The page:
The center button only changes modes2 but there is no “rapid off” feature – you just press the minus button until the vibrations work their way down the scale to nothing. Note: According to the minimalist user manual that is literally part of the box, you should be able to press and hold either the minus or center button to get it to turn off, but this has yet to work out for me. Similar to the L’amourose Rosa Rouge, though, you CAN press and hold the center button to allow the internal shaft to warm up before you start using it.

Speaking of buttons; since they control the motor I’m gonna say that this is the best section to briefly compare and contrast the vibrations. The internal shaft is damn near as rumbly as the L’amourose Denia or Rouge motor – a hair less intense overall (but still quite powerful). It feels more rumbly than That Brand I Won’t Recommend. Like many dual-motor vibrators, there can be dissonance when both motors are running, leaving you with this weird semi-pulsating feel that can be distracting to some. Because the vibrations in the clitoral nub aren’t very strong I don’t feel much vibration in my hand when holding it.  There is one faintly glittering star in this cloudy sky: The vibrators of the clitoral nub aren’t buzzy and numbing. They may not be nearly enough for me but they’re not awful.

It Coulda Been a Contender

I admittedly have a hard time reviewing sex toys completely of their own merit and not comparing them to what I currently own. Would I be this nitpicky if I hadn’t tried the L’amourose line, or the We-Vibe Nova? Price is playing a factor here, too, because the SenseVibe starts at $129 for the “Classic” version. Many folks can only afford a couple sex toys of this cost in their lifetime.

While I know that many people feel that the dual-stimulation, or “rabbit”, vibe is the Holy Grail because it’s two sex toys in one, I hate them because each one is fairly unlikely to hit all your spots unless you have created 3D life-size cast of your vulva AND vagina and know for sure that the measurements will line up for you. So I’m really confused about SenseMax’s decision to only make a dual-stimulation vibe AND for it to have such a short clitoral stimulation section which cannot be adjusted in any way for better fit. I really enjoy the powerful, rumbling vibrations of the internal shaft and I like the button placement over the L’amourose Rosa or Denia. But these two things, plus the charging case, aren’t enough for me to love this vibrator. I can love a vibrator with some flaws, and this is not a bad vibrator but it doesn’t make me want to write poetry about it.

Comparing the SenseVibe to the L'amourose Rosa and Denia

So far SheVibe only carries one item from SenseMax, the SenseVibe (Classic or Warm). I went to the SenseMax website to find out more about their products and it seems the brand is heavily leaning towards virtual reality stuff with their masturbator, wristband (???) and VR goggles. There is an app, Sense Lovers, but it is strangely not in the Google Play app store. The company explains that “unfortunately due to the nature of the content on the app we are not able to be listed in either app store. We sincerely hope Apple and Google will soon reconsider their attitudes towards adult entertainment.” And I’m confused. There are apps for We-Vibe, Ohmibod, and more. Exactly how is the Sense Lovers App so different that not even Google Play store will allow it? I wasn’t willing to find out because I’m not a fan of installing apps outside of the app store, which is what is required here. I also don’t like using apps with my sex toys, so it’s no loss to me on this one.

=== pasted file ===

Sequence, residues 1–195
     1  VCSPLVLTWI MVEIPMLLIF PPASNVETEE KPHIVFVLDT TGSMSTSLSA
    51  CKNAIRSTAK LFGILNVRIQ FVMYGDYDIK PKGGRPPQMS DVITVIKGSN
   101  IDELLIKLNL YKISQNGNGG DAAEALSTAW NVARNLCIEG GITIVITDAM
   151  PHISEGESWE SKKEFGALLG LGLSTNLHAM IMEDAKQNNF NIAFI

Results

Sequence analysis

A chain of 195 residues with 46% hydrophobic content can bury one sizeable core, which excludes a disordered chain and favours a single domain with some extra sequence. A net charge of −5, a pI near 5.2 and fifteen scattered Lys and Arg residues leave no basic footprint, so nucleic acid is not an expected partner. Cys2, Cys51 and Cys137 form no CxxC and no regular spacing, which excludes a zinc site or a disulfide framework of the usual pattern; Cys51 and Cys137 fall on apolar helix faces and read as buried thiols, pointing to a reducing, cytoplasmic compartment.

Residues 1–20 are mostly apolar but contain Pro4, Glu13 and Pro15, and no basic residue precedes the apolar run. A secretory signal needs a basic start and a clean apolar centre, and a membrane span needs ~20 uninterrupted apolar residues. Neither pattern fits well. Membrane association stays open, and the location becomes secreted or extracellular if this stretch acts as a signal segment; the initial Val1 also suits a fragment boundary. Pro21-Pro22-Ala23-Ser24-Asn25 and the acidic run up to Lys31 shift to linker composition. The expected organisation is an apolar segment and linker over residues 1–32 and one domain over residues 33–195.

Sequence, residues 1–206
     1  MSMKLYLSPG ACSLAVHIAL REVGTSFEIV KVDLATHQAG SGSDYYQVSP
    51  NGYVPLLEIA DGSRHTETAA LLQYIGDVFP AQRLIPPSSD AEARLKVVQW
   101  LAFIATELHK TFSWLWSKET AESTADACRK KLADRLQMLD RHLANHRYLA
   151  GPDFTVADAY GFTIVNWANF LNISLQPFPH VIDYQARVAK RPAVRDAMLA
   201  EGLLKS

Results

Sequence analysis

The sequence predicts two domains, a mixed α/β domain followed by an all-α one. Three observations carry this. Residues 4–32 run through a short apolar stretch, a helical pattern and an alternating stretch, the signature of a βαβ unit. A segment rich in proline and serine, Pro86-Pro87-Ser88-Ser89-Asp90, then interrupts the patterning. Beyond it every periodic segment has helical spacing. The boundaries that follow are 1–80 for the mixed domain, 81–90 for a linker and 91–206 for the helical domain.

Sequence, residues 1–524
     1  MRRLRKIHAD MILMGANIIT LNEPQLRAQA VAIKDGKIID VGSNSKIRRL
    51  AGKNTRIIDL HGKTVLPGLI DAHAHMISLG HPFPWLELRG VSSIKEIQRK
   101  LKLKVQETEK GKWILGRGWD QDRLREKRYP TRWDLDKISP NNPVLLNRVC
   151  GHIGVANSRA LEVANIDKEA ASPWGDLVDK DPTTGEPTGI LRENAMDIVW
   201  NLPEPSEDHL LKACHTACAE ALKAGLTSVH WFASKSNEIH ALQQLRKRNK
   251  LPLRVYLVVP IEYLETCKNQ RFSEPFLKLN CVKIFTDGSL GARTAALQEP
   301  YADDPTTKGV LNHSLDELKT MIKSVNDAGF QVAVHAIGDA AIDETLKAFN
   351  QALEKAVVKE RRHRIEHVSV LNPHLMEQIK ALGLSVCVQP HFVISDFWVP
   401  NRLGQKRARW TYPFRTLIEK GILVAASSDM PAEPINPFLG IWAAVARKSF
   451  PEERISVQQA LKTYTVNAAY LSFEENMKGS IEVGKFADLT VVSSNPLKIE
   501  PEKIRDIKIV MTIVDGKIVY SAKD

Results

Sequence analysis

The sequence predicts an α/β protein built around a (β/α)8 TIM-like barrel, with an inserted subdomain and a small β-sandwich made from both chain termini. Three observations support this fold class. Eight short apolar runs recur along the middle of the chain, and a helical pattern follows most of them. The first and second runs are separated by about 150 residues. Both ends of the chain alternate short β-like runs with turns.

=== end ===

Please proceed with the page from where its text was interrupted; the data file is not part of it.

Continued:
In the end, I don’t feel like I can recommend the SenseVibe Warm to most people. Sure, the SenseVibe Warm is much more reasonably priced ($149) than the L’amourose Rouge Denia ($209) BUT the L’amourose Denia has a design I can enjoy with rumbling motors on both shafts and I feel it’s likely to fit a larger percentage of folks. Since the warming feature is only present on the internal arm of the SenseVibe Warm I feel like if you’re considering this design you should just opt for the less expensive SenseVibe Classic, priced at $129. The heat isn’t enough to really feel when it’s in your vag – it didn’t earn the slang term “hot box” for nothing-  but the heat on the shaft is lovely when used externally. Again, though, it’s not comfy or logical to use it that way. SenseMax could definitely be on the map for rumbling, powerful vibrators if only they could improve and expand their designs.

Also: No, I don’t know why it’s called the SenseVibe. There is no “sensing” of anything here. There’s no AI, no VR, it’s just a vibrator and I’m really confused.

 

Many thanks to SheVibe for sending me this in exchange for my very honest review. I feel like the brand is on the cusp of perhaps branching out into something really cool, so keep an eye on SenseMax.

 

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  1. Quote attributed to George Eastman
  2. You can have both motors on, or just internal or just external, and then the rest of the settings employ various patterns which I’ve naturally skipped
Apr 182017
 

Depression and #45